28. Heather says:

    What a really informative post, thank you so much. My little Jack Russel (Maggie Thatcher) has to have surgery for her knee in the very near future. Can you advise on how your little girl coped when needing a poop etc? I gather the leg is in plaster of paris.

    Many thanks

    Heather (very nervous Jack Russell Mummy)

  29. Liz says:

    Nicci and Heather, I just sent you both emails.

  30. Gail says:

    We are amost 3 weeks post op……2 weeks in a bandage and now aweek on thursday after bandage off and sutures out.Tomorrow we will go to vet to get another injection to build up the joint.We are so worried that things are going ok. She is very stiff aguess when she has rested and gets up so she holds the leg up alot. Then she will get to putting it down and we are encouraged.But again after reasting she holds it up for awhile and then will put it down.She has cretched out twice when she has been held wrong and i just bathed her and she slipped on a dry towel.So much worrying.Like to hear how long this takes to get back to walkin Gail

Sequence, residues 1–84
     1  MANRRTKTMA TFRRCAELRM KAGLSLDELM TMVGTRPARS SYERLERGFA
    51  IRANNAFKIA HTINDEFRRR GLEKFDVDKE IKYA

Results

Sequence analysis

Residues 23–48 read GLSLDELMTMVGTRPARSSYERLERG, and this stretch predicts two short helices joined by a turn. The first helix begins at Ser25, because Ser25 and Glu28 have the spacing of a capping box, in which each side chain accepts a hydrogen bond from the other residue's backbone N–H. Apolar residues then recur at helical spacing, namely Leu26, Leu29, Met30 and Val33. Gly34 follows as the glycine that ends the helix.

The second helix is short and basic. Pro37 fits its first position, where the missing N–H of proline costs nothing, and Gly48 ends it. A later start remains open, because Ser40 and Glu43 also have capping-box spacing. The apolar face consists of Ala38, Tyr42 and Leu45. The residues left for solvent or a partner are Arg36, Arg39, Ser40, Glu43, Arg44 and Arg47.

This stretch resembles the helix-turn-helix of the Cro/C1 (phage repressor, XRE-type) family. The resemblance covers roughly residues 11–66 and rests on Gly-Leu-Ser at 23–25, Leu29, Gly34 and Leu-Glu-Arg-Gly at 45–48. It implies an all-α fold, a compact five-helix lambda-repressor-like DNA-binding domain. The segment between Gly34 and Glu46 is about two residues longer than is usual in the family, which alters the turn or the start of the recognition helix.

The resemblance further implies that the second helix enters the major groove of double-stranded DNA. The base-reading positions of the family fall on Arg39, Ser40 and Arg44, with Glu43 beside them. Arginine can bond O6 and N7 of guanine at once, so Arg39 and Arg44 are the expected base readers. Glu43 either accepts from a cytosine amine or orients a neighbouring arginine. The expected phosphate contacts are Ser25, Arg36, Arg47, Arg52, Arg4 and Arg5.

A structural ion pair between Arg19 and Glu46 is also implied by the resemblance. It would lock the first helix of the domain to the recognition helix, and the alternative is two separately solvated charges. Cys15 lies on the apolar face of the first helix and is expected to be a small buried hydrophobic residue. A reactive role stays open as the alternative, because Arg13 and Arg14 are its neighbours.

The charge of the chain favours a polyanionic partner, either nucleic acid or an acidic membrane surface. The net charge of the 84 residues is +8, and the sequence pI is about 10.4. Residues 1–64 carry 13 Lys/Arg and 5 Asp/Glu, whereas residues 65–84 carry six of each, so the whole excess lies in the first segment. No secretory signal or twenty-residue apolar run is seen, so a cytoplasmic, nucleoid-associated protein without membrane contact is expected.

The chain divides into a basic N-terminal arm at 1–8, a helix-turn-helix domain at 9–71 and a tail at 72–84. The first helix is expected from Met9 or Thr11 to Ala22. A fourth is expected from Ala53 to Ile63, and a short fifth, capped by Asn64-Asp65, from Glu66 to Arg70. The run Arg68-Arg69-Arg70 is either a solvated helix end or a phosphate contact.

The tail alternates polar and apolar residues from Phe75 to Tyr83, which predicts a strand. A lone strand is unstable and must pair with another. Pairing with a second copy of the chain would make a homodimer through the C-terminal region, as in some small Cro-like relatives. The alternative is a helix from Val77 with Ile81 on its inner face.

31. Norman says:

    I have a Boston Terrier named Pete. He is about 3 years old. About 8 month ago the vet told me that he had luxating patellas and to keep an eye on it even though he wasn’t exhibiting any symptoms and was still running and jumping like Boston Terriers do. The past month he has started to display signs of it. When he gets up he balances on his front two legs and then will drop his back left leg after a few steps and will eventually put his back right leg down.

    I am taking him to the vet this Saturday to see what they say. I was wondering how much the surgery cost as well.

  32. Kerbear says: